Fried Crab can be found all over the world. Traditionally, it’s usually soft shell crab, like blue crabs, that are fried but the truth is, you can fry just about anything. Most of my experience with Fried Crabs have been at buffets and Cajun restaurants in the south. It’s real popular to put the majority of the breading over the meat from the body of the crab. I think mostly because the meat is already exposed, once the cavity shell has been removed, and you just sink your teeth right in and get a bight.
Jonah Fried Crab Recipe
Normally, for this Fried Crab recipe, I would use soft shell crabs but they aren’t available to me right now, unfortunately. I did find some Jonah crabs, however, which are the East coasts answer to the West’s Dungeness Crab. They’re typically a little bit smaller than the Dungeness and therefore a little cheaper as well. I picked up these two bad boys for just under $7 bucks. So you really can’t go wrong picking up a half dozen or so for frying.
Also, if you’re interested, be sure to check out a few relatable recipes I think you’ll enjoy. My King Crab Legs tutorial is phenomenal because I teach you how to peal the legs so quickly that your mouth never stops chewing between bites. My Stuffed Lobster recipe is one of the most amazing dish’s you’ll ever lay your eyes on; also incredible. And my Thai Red Curry Shrimp Recipe is easy and it’s to die for.
If you don’t know or haven’t realized by now, Seafood and Crab can go with just about anything. You can find it in Sushi, Cold Noodle Salads, Cheese Dips for chips or crackers and Sub Sandwich’s like the photo I’ve got here in this article. The list goes on and on. Of course it isn’t real Crab Meat though either. It’s made from imitation crab which consists of mostly Alaskan Pollock, egg whites and red food coloring. I guess the Pollock is what classifies it as “Seafood” even though there isn’t any real crab. But the recipe for Seafood and Crab is not so confusing and serves as the basic front line for dozens of other recipes to boot. Here I make a real basic sub sandwich that would normally have Tomatoes, Banana Peppers and olives on it as well if I were using a bigger loaf. But I use the basics just to show you how you can still get your fix by just using a few ingredients.
Seafood and Crab Ingredients:
2 cups Imitation Crab meat
2 chopped Green Onions
1 chopped Garlic Clove
1 cup Mayonnaise
1 tbsp Olive Oil
Salt and Pepper to taste
Just mix all the ingredients together at once in one bowl and add the Seafood and Crab to your favorite recipe or dish.
The thing about King Crab Legs, or any crab legs for that matter, is that they are already cooked when you buy them. I know, Shocker, right? So all we need to do is reheat them and you just need to choose the method you’d like to prepare them. Steaming is an easy way if you have a big enough pot that can be covered with a lid. A few inches of boiling water in the bottom will get them done in about 4 minutes. Just make sure that you get the water to a rolling boil before you actually add the King Crab Legs. Most people don’t realize that you can actually cheat and take it a step further; you can usually have them steamed at the place of purchase when you are buying them. Of course this means you need to be picking them up at meal time but if you’re waiting on the oven for bake potatoes, a quick trip to the grocery is perfect for that waiting time; just a suggestion.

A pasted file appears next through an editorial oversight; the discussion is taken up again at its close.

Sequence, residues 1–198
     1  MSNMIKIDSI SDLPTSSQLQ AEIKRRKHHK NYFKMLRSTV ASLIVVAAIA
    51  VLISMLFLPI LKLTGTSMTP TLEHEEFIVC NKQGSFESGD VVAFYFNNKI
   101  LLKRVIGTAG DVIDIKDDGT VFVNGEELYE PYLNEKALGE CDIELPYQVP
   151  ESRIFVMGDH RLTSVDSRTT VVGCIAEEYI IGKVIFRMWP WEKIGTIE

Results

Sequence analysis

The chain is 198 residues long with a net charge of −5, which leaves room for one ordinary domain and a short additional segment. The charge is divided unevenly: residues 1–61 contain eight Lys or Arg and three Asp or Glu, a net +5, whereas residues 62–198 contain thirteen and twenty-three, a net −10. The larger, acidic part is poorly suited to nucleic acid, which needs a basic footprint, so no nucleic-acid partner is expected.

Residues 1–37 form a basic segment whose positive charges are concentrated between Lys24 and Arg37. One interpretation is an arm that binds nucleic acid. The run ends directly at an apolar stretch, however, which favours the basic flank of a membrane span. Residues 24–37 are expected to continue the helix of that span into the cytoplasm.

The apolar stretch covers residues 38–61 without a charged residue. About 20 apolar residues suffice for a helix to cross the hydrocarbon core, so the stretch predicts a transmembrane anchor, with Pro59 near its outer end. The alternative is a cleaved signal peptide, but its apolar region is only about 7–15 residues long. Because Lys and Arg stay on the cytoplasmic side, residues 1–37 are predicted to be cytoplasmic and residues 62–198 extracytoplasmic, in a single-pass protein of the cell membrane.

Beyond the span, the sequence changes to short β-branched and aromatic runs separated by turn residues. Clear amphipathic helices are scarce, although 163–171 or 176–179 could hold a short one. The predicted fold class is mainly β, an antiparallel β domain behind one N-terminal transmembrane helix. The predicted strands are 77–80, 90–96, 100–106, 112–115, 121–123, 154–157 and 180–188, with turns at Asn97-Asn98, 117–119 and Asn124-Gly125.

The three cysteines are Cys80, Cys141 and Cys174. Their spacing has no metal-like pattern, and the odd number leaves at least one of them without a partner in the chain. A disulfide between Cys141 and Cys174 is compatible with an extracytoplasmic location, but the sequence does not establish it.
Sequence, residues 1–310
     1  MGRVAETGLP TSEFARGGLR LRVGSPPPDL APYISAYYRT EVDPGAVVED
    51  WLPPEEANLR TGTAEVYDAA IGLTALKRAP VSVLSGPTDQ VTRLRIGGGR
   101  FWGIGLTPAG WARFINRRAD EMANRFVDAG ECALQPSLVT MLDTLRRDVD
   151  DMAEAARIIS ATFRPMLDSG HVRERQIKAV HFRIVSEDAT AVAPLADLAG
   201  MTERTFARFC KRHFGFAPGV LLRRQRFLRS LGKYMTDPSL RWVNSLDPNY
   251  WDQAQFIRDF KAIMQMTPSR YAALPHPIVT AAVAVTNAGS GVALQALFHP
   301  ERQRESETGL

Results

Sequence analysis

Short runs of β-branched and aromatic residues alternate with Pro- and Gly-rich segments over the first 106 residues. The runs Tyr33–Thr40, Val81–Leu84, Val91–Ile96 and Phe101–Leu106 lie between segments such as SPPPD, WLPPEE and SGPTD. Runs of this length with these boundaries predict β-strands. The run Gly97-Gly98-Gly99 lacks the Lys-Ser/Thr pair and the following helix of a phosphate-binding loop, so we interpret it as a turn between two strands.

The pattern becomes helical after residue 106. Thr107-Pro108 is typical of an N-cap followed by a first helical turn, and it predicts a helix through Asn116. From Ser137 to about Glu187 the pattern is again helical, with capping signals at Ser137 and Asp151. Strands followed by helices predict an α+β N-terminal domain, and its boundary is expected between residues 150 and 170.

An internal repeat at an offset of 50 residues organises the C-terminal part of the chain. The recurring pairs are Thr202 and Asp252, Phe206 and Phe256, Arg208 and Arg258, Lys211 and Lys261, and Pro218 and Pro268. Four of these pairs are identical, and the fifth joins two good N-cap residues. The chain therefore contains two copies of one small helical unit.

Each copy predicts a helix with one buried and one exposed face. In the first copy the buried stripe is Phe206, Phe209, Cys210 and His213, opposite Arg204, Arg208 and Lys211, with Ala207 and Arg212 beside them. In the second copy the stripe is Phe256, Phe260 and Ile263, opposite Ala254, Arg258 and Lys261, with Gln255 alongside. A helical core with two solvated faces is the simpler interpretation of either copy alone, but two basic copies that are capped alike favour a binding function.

Be Careful Grilling King Crab Legs
Grilling King Crab Legs leaves people oohing and awing every time you flip open the lid, but you need to be very careful not to dry them out. Even though you tend to gain the Smokey flavor of the grill, you lose the natural flavors of the crab meat. Remember this is just a reheat anyway so you don’t want them on the grill for too long. 10 minutes on low with the lid down, tops!
The oven will have a similar effect that grilling does if you don’t cover up the Crab Legs. It will dry them out, and you will lose flavor. The way I show you how to cook them in this tutorial is on a broiler pan covered with tin foil. The reason I do it this way is because you get the best of both worlds. By adding a half cup of water to the pan you get the steaming effect with convection as the heat rises from underneath the King Crab Legs, then the heat reflects off the foil, cooking the top. It’s win-win.
You can do a reheat in the microwave, but I don’t recommend it. In fact I don’t recommend that any meat go in the microwave for a reheat, EVER! I’ll get into that at later time.
King Crab Legs and Santolla Reds
Now, the crab legs that I’m introducing are not your traditional King Crab Legs. These are called Santolla Reds. The reason I’m using these instead of the other is they are practically the same thing. First off, they are almost exactly the same size; same look and everything that way. The only difference that I’ve noticed is they are a little bit saltier, so I just use unsalted butter. Second, it’s about the cost. I wouldn’t be living up to my reputation as the Poor Man’s Gourmet Kitchen showing you recipes at “A Low Budget Wonder”, if I was showing off recipes that aren’t affordable. Santolla Reds, if you can find them, are usually at least half the price of regular King Crab Legs. I can pick them up at Smith’s right now, for $6.99 a pound, and that’s year ‘round! Try getting more than a pound and a half of king crab legs at any restaurant these days for under $26 bucks! It’s worth doing it at home, and worth knowing a few tricks to cooking King Crab Legs and other gourmet meals at a low budget wonder.